Meanwhile, the second person read the content of whatever you had written to him or her, but also asked questions about what else you may have intended to communicate beyond your written words.  This person wanted to know about any good intentions or objectives you may have had at the time of your writing. Was there more you had in mind than just what was already documented?

So now practice interpreting for yourself the meaning of those original words “I love you.” Which of these two different “lovers” would you prefer having a closer relationship with? Or let me ask it this way, which of these two “lovers” would have done you “justice” in the best sense of that term?

I ask this because “we the people” of the United States are about to be governed in part by another highest court Judge who will be for her or his lifetime referred to as “Justice (name).” For if this new Judge, who will more than likely love the U.S. Constitution and its authors, fails to do justice to the intent, not just the content in question, then that “Justice” may by the accounts of Jesus come to “abolish” the Constitution instead of helping to “fulfill” it. This is why it all comes down to interpretation.  And this should send up all kinds of red flags for Christians in our United States of America.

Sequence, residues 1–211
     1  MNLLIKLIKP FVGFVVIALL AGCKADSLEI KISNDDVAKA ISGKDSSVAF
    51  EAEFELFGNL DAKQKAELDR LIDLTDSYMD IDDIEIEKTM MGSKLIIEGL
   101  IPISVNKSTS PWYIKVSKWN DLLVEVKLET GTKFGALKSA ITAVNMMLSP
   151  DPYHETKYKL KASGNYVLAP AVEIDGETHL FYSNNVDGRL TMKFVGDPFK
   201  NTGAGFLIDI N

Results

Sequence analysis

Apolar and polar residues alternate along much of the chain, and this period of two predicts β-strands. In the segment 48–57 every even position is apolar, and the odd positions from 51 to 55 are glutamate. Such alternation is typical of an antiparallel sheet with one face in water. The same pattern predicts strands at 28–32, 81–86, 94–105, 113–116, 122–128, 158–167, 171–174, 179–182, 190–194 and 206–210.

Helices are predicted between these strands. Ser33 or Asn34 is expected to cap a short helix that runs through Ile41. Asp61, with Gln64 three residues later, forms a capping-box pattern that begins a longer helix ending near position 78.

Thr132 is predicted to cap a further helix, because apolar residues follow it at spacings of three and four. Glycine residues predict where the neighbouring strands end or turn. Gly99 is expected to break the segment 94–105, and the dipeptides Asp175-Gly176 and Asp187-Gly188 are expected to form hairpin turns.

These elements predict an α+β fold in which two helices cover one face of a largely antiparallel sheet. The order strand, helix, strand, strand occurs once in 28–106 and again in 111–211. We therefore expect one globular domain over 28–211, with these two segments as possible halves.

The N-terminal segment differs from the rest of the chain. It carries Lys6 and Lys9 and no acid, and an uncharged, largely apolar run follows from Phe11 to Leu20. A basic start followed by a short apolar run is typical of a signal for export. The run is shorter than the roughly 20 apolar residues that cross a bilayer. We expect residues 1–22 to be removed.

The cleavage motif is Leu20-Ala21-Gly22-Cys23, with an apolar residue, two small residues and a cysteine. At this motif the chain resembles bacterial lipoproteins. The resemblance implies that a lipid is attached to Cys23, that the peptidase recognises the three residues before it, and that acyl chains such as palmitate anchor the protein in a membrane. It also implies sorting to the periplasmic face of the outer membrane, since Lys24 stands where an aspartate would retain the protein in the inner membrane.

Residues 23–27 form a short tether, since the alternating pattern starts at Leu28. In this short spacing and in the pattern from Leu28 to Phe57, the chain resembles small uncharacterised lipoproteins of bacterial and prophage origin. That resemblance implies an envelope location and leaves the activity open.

One thought on “Why it all comes down to interpretation

  1. I too, often make the same comparison of the challenges of interpreting the Bible, written in multiple ancient languages, to interpreting the Constitution, originally written in an outdated English dialect. I compare Originalists to the Scribes and Pharisees who mangle the original meaning to fit their need to control others while not being uncomfortably limited themselves.